WASHINGTON – Cardinal George Pell, a key adviser to Pope Francis and Australia’s highest-ranking Catholic, arrived in his homeland on Monday to face charges of historic sexual abuse.
Cardinal George Pell, 76, the Vatican’s economy minister and the third-ranked official, arrived in Sydney from Rome via Singapore, which he briefly visited.
“Before leaving Rome the Cardinal consulted his doctors and on their advice took several days to return home, breaking his journey in a number of places to avoid long-haul flights,” the Catholic Archdiocese of Sydney said in statement on Monday.
Australia’s Nine Network showed a video of Pell getting into one of the two white vehicles waiting at a side exit at the Sydney Airport to whisk him away. He did not answer reporters’ questions.
On Sunday, Australia’s Nine Network broadcast a tourist’s video of Pell in casual attire sitting outside an ice cream shop in Singapore with a male companion. The tourist told Pell his mother wanted to know if he was innocent.
“Tell her that I am,” Pell said.
The Cardinal is the highest-ranking Vatican official to face allegations of sexual abuse, which have plagued the Catholic Church for decades.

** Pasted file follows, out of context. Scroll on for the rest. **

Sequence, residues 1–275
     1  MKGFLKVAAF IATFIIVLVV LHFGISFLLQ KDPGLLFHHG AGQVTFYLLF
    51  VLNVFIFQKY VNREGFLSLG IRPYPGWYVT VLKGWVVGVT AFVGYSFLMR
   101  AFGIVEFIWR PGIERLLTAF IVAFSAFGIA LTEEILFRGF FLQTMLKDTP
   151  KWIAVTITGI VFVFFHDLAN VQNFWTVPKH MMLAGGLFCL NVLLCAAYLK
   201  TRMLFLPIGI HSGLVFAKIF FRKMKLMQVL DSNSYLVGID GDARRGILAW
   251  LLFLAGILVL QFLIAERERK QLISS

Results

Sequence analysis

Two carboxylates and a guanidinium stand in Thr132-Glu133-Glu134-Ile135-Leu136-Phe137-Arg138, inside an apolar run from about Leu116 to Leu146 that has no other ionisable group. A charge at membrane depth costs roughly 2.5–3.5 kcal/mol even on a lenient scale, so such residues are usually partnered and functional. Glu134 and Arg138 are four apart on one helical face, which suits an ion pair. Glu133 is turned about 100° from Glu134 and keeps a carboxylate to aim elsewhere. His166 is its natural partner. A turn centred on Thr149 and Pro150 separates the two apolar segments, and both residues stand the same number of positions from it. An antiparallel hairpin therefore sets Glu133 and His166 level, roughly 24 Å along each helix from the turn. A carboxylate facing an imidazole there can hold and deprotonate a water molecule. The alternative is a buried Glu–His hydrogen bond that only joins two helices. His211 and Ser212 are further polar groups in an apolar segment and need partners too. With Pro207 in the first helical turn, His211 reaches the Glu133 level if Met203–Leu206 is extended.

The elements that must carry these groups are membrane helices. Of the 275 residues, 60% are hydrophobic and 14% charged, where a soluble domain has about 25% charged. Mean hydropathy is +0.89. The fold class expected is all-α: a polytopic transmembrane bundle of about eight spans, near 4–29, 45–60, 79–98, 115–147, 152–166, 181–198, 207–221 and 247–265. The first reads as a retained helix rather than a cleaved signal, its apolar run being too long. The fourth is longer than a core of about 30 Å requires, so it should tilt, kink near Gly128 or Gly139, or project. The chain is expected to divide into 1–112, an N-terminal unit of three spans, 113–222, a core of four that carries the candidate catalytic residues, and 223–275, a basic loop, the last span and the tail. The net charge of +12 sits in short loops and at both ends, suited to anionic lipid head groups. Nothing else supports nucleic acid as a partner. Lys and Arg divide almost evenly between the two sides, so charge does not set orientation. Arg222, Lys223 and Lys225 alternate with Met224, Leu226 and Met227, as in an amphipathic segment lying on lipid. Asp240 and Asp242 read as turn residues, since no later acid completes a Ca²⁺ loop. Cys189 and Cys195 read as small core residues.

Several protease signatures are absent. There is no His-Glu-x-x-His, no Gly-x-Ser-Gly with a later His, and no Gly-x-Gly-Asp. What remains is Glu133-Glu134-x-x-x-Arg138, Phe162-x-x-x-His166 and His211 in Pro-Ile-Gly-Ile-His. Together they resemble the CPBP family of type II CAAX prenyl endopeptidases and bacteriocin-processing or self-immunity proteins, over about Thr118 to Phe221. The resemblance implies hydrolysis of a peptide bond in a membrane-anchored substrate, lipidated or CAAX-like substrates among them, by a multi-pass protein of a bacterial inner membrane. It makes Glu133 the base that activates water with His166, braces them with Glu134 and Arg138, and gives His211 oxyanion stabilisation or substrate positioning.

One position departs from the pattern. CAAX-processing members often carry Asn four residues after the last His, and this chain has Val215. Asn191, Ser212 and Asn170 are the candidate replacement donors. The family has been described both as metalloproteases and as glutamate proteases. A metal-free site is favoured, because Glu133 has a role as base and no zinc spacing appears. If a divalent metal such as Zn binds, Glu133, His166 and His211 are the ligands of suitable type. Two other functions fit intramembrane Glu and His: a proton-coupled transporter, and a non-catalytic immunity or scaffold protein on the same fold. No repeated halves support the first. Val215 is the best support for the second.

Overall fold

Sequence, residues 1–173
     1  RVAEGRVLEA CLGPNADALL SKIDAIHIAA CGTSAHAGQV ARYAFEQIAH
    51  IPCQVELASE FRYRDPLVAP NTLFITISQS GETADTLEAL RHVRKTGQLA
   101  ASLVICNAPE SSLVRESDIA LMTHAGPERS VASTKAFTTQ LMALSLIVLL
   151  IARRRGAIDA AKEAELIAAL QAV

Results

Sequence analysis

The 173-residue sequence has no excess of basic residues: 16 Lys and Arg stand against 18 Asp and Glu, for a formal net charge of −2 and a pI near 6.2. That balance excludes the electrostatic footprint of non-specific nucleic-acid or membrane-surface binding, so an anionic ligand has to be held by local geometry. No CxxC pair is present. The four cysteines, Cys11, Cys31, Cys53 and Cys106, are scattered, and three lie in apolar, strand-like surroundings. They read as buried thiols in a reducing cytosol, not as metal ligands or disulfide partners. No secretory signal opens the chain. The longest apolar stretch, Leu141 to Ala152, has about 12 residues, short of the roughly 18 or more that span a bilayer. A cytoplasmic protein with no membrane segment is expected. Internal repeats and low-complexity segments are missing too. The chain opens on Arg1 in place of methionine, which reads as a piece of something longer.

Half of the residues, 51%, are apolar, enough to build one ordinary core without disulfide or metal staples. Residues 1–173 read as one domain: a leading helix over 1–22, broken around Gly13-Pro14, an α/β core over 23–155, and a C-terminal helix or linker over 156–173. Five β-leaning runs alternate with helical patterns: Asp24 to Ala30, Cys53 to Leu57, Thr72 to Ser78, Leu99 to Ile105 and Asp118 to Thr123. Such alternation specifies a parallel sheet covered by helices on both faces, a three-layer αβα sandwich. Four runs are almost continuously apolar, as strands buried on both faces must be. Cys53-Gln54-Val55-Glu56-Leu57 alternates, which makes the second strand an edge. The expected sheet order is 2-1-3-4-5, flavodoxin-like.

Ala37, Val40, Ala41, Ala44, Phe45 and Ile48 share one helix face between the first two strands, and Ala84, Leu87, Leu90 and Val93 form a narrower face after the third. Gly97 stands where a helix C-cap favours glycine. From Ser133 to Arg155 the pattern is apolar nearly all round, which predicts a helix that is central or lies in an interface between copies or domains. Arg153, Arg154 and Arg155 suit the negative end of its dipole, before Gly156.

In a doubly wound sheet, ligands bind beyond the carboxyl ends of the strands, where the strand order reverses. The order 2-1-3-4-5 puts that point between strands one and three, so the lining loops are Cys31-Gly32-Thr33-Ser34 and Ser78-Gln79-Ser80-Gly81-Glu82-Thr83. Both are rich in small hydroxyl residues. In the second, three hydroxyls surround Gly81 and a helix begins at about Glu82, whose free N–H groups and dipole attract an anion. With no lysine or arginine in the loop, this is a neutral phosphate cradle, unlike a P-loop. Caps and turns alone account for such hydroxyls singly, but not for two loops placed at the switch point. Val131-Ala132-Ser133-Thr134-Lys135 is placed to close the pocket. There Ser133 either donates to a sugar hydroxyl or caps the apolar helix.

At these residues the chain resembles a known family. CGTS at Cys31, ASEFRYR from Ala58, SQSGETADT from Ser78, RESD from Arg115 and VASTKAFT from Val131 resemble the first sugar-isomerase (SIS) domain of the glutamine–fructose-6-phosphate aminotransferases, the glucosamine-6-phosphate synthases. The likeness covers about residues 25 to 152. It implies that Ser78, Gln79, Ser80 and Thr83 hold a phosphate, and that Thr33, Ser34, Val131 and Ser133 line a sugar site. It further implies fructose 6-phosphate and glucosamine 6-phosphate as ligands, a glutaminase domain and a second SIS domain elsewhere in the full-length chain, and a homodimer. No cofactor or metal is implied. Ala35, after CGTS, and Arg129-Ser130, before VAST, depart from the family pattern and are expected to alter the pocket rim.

He has taken a leave of absence from the Vatican to defend himself at Melbourne Magistrates Court this month.
Australia’s Victoria police have not released a list of charges against the Cardinal nor disclosed any information about alleged victims. Authorities only said that there were multiple charges and “multiple complainants” from decades ago when he was a senior cleric in Australia.
The Catholic Archdiocese of Sydney said in statement on Monday that Pell’s return to Australia “should not be a surprise” as he had said last month when he was informed of the alleged offenses that he would return to Australia to “vigorously defend himself.”
“Cardinal Pell will not be making further comment other than to say he is grateful for the numerous messages of support he continues to receive.”
Pell served as the Archbishop for Sydney and Melbourne before becoming the Vatican’s economy minister in 2014.
He has vehemently denied the sex-abuse allegations.
“I’m innocent of these charges; they are false,” Pell said at a news conference in Rome on June 29. “The whole idea of sexual abuse is abhorrent to me.”
“All along, I have been completely consistent and clear in my total rejection of these allegations. News of these charges strengthens my resolve and court proceedings now offer me an opportunity to clear my name,” Pell said.
He is due in a Melbourne court on July 26 for a filing hearing, when a full charge list of the charges against him is expected to be released.